The table which is covered with the lacquer is used to the plum blossom.
The walls of the main dining room, Orchid Room, of the lobby are not made of ordinary stone. It is Tako ishi found at Tako, Gumma Prefecture. Notice the brownish creases which at times look like dark flows such as in Chinese painting.
There is nothing of that hard grey look of ordinary stone.
During the Heian period, the Imperial Palace in Kyoto held on the third day of March each year a festival (of dolls) called the Banquet of the Winding River.
Men of letters stood on the banks of a winding stream. As sake cups floated down-stream, each man was expected to compose a poem before he picked up a cup to drink from it. This was the game played at the banquet. Our roof garden is a replica of the ancient Winding River Garden.
Put six equilateral triangles together to form a hexagon, and you have a perfect hemp leaf pattern. We use it on transom windows and sliding doors. You may see dyed hemp leaves on ladies’ handbags and other personal articles. The usage of the pattern is very wide, hence its great importance.
This pattern is feminine. It is often used on obi, juban (kimono undergarment) and kimono. We associate Asanoha-mon with Omiwa and Yaoya Oshichi, favorite Kabuki heroines. It also reminds us of Ukiyoe yukata (informal summer kimono).
Chashitu could be a room or an independent house. It was at the beginning of the Muromachi Period that detached tea-ceremony houses began to be built.
Originally, the tea room was designed much like a drawing room, but as the cult developed, the furnishings took on a more suitable look. At present the different schools of tea-ceremony have their own architectural specifications.
Myoki-an, tea house and Jo-an, tea house, both built during the Momoyama period, are well known national treasures.
The poems of thirty-six famous poets, such as Hitomaro and Tsurayuki, of the Nara period through the Heian period, were put together in thirty-seven volumes, and the poems were copied by such skilled artists of calligraphy of the Heian period as Sadanobu Fujiwara and others.
What is remarkable about these volumes, from our standpoint, is the fact that each sheet of paper received utmost attention in the esthetic sense. Each sheet was made by pasting Chinese paper, colored paper and dyed paper together in such a way that one on top of the other would recede slightly, or that it would seem as if the sheet had been torn, resulting in a most fantastic design, and over this were scattered gold and silver foil pieces of different sizes, and then rivers, mountains and flowers were printed or drawn (by brush) over them.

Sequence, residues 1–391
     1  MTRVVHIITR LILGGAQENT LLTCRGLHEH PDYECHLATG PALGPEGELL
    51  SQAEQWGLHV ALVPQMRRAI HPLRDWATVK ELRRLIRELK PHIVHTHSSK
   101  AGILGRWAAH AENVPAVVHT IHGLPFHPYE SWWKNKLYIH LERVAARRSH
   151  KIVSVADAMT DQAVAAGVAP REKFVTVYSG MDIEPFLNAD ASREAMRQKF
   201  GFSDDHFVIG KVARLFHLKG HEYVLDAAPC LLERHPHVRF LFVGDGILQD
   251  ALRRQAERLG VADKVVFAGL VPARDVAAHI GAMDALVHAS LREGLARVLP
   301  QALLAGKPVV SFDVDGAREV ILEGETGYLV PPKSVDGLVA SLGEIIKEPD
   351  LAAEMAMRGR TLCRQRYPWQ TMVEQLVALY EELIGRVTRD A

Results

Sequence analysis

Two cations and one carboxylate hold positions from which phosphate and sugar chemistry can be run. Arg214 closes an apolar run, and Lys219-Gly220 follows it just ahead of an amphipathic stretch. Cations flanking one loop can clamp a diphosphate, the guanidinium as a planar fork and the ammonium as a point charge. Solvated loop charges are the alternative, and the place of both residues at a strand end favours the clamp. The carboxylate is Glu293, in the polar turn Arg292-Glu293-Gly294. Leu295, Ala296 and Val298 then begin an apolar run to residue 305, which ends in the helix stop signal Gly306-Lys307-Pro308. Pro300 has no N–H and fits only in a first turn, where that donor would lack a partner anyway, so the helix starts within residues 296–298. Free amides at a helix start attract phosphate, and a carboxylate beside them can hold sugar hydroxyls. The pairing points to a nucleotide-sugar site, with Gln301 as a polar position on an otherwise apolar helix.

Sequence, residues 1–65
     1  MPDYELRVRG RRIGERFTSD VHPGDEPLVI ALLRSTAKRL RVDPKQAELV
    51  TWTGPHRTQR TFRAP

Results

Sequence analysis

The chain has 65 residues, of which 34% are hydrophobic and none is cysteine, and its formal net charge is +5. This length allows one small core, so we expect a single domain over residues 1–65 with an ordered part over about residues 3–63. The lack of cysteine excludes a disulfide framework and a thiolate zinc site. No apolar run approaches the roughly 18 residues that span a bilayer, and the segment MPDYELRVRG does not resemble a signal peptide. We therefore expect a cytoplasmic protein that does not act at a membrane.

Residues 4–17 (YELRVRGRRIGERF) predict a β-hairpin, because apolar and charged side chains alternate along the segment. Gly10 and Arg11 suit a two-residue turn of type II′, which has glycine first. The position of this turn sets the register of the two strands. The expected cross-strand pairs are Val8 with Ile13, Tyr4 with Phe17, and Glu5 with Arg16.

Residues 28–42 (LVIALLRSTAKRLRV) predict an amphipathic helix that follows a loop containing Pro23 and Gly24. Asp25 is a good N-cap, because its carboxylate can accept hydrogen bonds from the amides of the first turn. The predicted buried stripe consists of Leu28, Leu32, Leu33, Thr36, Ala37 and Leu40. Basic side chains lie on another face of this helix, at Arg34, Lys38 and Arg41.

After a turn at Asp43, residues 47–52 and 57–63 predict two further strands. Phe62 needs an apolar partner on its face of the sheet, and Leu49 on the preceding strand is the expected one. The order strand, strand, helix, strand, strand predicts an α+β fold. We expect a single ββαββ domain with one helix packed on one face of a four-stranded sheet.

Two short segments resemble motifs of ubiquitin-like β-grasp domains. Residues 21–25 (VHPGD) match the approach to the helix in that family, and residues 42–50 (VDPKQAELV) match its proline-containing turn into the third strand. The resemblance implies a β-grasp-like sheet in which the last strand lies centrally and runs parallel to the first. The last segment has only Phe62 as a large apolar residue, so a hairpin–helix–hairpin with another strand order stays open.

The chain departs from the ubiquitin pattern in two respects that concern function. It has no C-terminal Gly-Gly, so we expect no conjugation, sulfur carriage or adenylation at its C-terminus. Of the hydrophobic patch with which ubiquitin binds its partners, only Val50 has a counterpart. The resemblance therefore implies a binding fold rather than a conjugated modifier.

The bamboo grows in such abundance and great variety in Asia that its graceful figure has been completely integrated into our daily life. This is to say that the plant serves as excellent building material. We use it to build our houses, make fences and all sorts of household articles.
On a moon-lit night bamboo trees in the garden cast exotic shadows on the paper sliding doors, giving the illusion of a Sumie, a brush and black ink drawing.
Times change and people come and go, but our love of flowers remains unchanged.
Flowers bring peace and comfort to you, and to the Okura. In the center of the lobby (the fifth floor), expertly arranged flowers greet you. And on the wall of the lobby, there is a brocade of four-petal flowers in the form of connected screens, designed by the late Kenkichi Tomimoto, great master of ceramic painting.
The art of adopting nature flourished first mostly in paintings, but from the Muromachi period, it found its new expression in architecture. In the side-alcove of an orthodox Japanese room you may see two shelves stretching at different levels from either side and overlapping each other in the corner. A pair of such shelves is called Chigaidana.
In spite of a decorative piece of furniture, it also serves to hold one’s personal trinkets. The overlapping shelves suggest to us layers of fog seen from a distance. The Chigaidana in the dressing room, called Nakano-chaya, of Shugakuin Detached Palace is considered the greatest masterpiece in this category.
In ancient Kyoto the festival of Wisteria was held each year at the Fujitsubo House (House of Wisteria) within the Imperial Court. The flower that has graced the landscape every early summer has been transferred by the artists on to handicraft pieces and dyed fabrics.